Please ensure Javascript is enabled for purposes of website accessibility
Home / Commentary / View from around the state: Use tax windfall for water testing

View from around the state: Use tax windfall for water testing

In early 2020, in this space, we posed a question regarding perfluorinated chemicals or PFAS, known as “forever chemicals” because they don’t break down in the environment: How much of those chemicals would you like in your glass of water?

We’re confident your answer was “none at all” then, and remains the same.

People in the town of Campbell would love to give the same answer. But many of them have no choice.

In Campbell, with a population of fewer than 5,000 on French Island across the Mississippi River from La Crosse, there was no money to conduct water testing in 2020, when contamination from the nearby La Crosse Regional Airport was disclosed, and homeowners naturally wanted to know if PFAS had reached their wells.

The news, the Milwaukee Journal Sentinel recently reported, wasn’t good: Of 551 private drinking wells sampled to date, 538 have some trace of the “forever” chemicals. More than 130 have levels above state-recommended limits for drinking water.

For a town of Campbell’s size, the idea of having to switch to a municipal water system is daunting, to say the least. Estimates the town received for such a switch were $15 million to $20 million, and that was in the late ’90s.

“We’re very concerned, as a small town we’re only allowed to take on so much debt,” Town Chairman Josh Johnson told the Journal Sentinel. “Potentially the project might have to be done in sections, starting in the hardest-hit areas.”

In Peshtigo in Marinette County, at a Tyco Fire Products testing facility, firefighting foam was tested for years before the practice was ended in 2017. The contamination in Marinette County is so bad, it requires remediation and delivery of drinking water to multiple homeowners who can no longer safely consume the water from their wells. Some residents have relied on bottled water for years.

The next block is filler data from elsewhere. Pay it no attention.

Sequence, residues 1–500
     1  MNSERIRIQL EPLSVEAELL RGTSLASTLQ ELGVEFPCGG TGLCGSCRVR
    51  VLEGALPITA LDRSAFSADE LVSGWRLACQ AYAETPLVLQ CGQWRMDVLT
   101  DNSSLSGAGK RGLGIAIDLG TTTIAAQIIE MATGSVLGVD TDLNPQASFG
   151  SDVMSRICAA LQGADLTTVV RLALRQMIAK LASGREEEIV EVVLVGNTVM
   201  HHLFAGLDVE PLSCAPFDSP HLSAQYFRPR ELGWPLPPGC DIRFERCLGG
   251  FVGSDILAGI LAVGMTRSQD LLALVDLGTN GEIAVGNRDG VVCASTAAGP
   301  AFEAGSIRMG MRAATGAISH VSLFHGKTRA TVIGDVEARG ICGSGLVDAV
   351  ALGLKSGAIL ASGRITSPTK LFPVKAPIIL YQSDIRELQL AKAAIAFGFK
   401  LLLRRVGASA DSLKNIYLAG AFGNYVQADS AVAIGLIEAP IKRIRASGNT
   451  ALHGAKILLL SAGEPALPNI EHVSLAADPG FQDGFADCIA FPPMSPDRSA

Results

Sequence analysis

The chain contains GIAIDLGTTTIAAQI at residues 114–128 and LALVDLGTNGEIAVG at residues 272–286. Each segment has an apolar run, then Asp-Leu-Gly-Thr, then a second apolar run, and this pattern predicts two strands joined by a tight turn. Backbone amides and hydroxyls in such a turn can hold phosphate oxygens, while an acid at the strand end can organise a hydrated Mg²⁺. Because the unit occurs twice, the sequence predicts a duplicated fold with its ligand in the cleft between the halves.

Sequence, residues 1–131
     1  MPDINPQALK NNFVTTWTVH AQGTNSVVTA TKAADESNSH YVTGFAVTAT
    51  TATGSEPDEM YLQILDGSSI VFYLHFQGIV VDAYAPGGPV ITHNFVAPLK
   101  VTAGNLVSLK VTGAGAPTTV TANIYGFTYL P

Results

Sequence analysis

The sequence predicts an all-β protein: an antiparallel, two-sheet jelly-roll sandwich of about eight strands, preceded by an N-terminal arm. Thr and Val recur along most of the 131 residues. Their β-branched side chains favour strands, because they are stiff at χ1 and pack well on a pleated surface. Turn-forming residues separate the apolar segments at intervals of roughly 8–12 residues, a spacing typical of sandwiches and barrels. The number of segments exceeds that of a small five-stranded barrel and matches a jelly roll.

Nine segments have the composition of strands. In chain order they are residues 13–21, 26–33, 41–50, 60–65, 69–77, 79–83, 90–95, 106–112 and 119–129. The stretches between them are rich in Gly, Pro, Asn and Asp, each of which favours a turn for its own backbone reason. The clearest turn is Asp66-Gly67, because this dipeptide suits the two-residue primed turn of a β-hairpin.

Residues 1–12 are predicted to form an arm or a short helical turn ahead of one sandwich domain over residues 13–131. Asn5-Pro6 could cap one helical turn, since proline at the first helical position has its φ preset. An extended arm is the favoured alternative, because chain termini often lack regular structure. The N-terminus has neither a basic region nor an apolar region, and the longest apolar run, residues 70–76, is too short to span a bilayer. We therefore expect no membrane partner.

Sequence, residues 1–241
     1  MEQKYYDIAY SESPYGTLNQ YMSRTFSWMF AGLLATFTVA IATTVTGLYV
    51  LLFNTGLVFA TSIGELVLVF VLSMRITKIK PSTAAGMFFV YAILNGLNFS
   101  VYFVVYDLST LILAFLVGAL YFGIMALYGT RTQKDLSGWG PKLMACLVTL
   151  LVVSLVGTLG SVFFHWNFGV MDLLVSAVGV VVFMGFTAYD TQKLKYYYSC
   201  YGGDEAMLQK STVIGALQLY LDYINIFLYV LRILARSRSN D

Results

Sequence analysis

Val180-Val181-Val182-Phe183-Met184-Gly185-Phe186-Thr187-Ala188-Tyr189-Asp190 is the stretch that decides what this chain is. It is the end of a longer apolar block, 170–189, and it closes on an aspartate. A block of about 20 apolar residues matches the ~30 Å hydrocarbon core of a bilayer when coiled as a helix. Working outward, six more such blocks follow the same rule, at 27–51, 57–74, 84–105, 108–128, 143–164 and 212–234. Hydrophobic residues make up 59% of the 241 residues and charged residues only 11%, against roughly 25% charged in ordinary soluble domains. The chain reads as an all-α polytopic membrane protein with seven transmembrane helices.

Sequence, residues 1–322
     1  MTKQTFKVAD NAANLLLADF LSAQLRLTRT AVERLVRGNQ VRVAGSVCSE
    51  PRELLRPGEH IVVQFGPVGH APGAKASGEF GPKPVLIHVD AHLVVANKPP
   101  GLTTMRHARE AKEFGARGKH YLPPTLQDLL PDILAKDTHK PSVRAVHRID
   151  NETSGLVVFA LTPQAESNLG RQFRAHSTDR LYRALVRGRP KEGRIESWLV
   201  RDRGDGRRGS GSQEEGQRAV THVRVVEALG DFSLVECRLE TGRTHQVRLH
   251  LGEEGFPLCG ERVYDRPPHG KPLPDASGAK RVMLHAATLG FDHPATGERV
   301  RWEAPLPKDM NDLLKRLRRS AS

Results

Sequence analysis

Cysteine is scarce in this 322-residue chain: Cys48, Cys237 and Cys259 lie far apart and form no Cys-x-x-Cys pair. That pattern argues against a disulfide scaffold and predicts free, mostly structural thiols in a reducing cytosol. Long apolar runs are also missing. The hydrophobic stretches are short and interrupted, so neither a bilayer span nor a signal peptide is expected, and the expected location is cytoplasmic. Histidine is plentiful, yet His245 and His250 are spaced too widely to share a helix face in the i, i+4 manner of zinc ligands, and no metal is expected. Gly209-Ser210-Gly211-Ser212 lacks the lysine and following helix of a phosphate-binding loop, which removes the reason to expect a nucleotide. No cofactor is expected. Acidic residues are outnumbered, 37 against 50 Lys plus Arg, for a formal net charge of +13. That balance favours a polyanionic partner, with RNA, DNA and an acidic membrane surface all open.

It’s not just a small-town problem, either: In Madison, elevated levels of PFAS were found in Lake Monona after they were used to fight an electrical transformer fire in 2019 in downtown Madison. The “forever chemicals” were found in 14 of 23 municipal wells in the state capital.

PFAS are used in clothing and carpet, nonstick cookware, packaging and firefighting foams. They were used, for example, on June 15 to help extinguish the massive blaze at the Chemtool chemical plant in Rockton, Illinois, just a few miles south of the Wisconsin-Illinois border, the Associated Press reported. That is before the Rockton fire chief ordered Chemtool’s parent company to switch to a foam that doesn’t have PFAS.

Because PFAS accumulate in the body over long periods of time, it’s really hard to get rid of them. Studies have linked PFAS to reproductive and developmental, liver and kidney and immunological effects in laboratory animals, and have caused tumors and increased cholesterol levels.

It’s extremely difficult to remove them from the environment, and once they are released they travel through water with ease.

Which brings us to our elected officials in Madison.

Wisconsin is receiving $2.5 billion from the federal American Rescue Plan.

The nonpartisan Legislative Fiscal Bureau reported earlier this month that, thanks to “unprecedented” tax collections, the state will take in $4.4 billion more than previously estimated in general fund tax revenue by mid-2023.

Wisconsin has considerably more money than it was expecting.

Gov. Tony Evers and the Legislature must agree to allocate some of that windfall to help Peshtigo, the Town of Campbell, Madison and other communities, large or small, deal with PFAS.

Because we’re sure our elected officials wouldn’t want forever chemicals in their drinking water, either.

— Racine Journal Times

Copyright 2021 The Associated Press. All rights reserved. This material may not be published, broadcast, rewritten, or redistributed.

Leave a Reply

Your email address will not be published. Required fields are marked *

*